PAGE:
We wrapped up our first week of summer session 2 (the summer sessions are held on Tuesday, Wednesday and Thursday) Our theme for this session is the state we live in: Florida. My initial plan was to talk about plants and animals in that live in Florida, but I realized that was a bit too broad. I decided to spend the first week talking about how to locate Florida on a map, the different land forms associated with Florida (peninsula, gulf, lake, island) and the differences in salt water and fresh water. For the weeks that follow we would discuss common animals and plants found living around salt water and those living near bodies of fresh water. We will also spend time talking about land animals, the different types of palm trees and hurricanes.
Here are a few links to my videos on YouTube, describing the lessons that I presented during our first week of the summer session.
As part of my Montessori internship I was required to chose a theme or topic to present to the children over the course of a three week period. This assignment was know as, “the year end project.” This project included circle (or group) time activities, songs, books, etc., as well as shelf lessons for all areas of the classroom. The theme for my year end project was transportation.
One shelf lesson that I created for practical life was particularly popular with the children. I called it the “Sink the Boat” lesson. I felt that this lesson complimented our transportation theme as well as the sink and float experiments that are part of the Montessori science curriculum. This lesson also combines skills such as tweezing (fine motor) and straining.
Here is a picture of the shelf lesson:
Here is my write-up on how to present this lesson. Please remember that this is my original write-up and to my knowledge, my own unique idea (although I have seen a variation of it elsewhere) :
Sink the Boat
Transfer Using Tweezers
One bowl (filled with water to “fill” line)
One small condiment cup filled with shells
One small, shallow boat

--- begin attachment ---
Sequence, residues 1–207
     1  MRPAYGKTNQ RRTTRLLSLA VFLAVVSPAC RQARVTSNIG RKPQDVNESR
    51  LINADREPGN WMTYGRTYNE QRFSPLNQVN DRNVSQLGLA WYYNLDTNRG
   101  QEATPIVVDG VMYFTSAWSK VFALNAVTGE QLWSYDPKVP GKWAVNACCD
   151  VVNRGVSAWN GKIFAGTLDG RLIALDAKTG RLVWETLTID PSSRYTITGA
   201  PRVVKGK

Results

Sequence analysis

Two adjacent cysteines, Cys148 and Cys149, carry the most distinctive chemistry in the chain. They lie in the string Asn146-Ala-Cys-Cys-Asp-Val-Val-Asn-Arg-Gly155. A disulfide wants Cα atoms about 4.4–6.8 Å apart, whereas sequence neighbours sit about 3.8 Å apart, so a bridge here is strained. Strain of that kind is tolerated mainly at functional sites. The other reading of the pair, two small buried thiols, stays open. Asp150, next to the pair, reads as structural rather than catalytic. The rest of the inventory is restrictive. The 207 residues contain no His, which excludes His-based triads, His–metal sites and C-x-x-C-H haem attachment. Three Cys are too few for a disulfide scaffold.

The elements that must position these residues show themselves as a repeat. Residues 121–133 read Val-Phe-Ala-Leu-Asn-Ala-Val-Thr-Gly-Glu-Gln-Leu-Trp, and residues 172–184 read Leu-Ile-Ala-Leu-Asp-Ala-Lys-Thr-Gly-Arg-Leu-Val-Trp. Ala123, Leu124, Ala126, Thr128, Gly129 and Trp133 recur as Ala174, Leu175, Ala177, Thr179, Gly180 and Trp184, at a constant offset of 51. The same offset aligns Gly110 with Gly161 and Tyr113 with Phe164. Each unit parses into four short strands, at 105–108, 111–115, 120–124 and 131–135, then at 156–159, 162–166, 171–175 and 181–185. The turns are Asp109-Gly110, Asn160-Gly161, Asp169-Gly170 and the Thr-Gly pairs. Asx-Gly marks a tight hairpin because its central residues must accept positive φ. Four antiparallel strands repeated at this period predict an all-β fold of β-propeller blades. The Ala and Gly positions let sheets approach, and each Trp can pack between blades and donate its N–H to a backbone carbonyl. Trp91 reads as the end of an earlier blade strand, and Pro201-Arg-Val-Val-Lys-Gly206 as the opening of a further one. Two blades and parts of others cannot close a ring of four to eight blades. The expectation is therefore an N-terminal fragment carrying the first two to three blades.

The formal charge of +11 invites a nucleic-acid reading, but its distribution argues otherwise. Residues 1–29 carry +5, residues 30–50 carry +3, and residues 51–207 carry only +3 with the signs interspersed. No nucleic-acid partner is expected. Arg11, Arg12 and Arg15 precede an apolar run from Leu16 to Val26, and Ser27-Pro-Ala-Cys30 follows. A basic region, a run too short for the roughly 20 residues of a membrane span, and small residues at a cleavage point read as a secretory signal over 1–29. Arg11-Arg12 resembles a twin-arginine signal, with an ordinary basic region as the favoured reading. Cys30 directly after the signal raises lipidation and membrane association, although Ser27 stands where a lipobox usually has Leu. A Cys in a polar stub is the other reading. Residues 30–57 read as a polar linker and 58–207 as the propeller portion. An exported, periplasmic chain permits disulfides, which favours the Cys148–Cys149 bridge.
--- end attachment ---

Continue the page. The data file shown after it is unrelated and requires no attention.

Small hand towel
Invitation: “I would like to give you a lesson in the practical life area. I am going to give you a lesson on transferring shells with tweezers.”
Select a mat and place it on table.
Select the lesson from the shelf and carry it to the table.
Remove the small hand towel from the tray and place it on mat.
Pick up tweezers with your dominate hand.
Using the tweezers, select one shell from the condiment cup and place the shell into the boat.
Using the tweezers, continue to pick up shells, one at a time, until the boat floating in the bowl of water sinks to the bottom of the bowl.
Once the boat has sunk, place tweezers on the tray to the right of the condiment cup.
Reach your hand into the bowl of water and carefully remove the boat (be sure not to spill the shells) and place the boat on the sponge that is located on your tray.
You may dry your hands on the small hand towel that you placed on your mat earlier. After drying your hands, place the towel back on the mat for the time being.
Pick up the strainer with your dominate hand and place it over the bowl of water (The strainer handle should rest on one side of the bowl and the curved tip of the strainer should rest of the opposite side of the bowl so that that strainer remains in place on its own).
Pick up the boat that has been resting on the sponge and gently pour the shells from the boat into the strainer.
Place the boat back onto the sponge.
With your dominate hand, grab the handle of the strainer and pour the shells back into the condiment cup (Place two fingers from your sub-dominate hand near the rim of strainer to help steady the strainer as you pour.
Return the strainer to the tray.
Pick up the boat that has been resting on the sponge and carefully return it to the bowl of water.
If there are any splashes of water on mat or table, use the small hand towel to gently wipe up the spills.
Stand up, push in your chair and toss the small hand towel in laundry basket.
Replenish lesson by getting a new hand towel and place it on tray above the sponge.
Return lesson to the shelf and put away mat.
Note: If at any time there is water in the boat, you may strain out the shells as indicated above and use the small hand towel to dry out the boat.
Control of Error:
Shells in bowl of water instead of inside the boat.
Shells spilled on table or surrounding area.
Points of Interest:
The sound of shells dropping into the boat.
Watching the boat sink.
The sound of pouring the shells into the strainer.
The sound of pouring the shells back into the condiment cup.
The strainer itself.
The water itself.
Develop coordination, order, concentration and independence.
Development of self-esteem and confidence.
Develop hand/eye coordination.
Development of the pincer grasp.
Develop the ability to use a pair of tweezers.
Develop the ability to use a strainer.
Change the size of the boat.
Use a strawberry huller instead of tweezers.
Change the type of material uses to sink the boat (instead of shells use beads or marbles).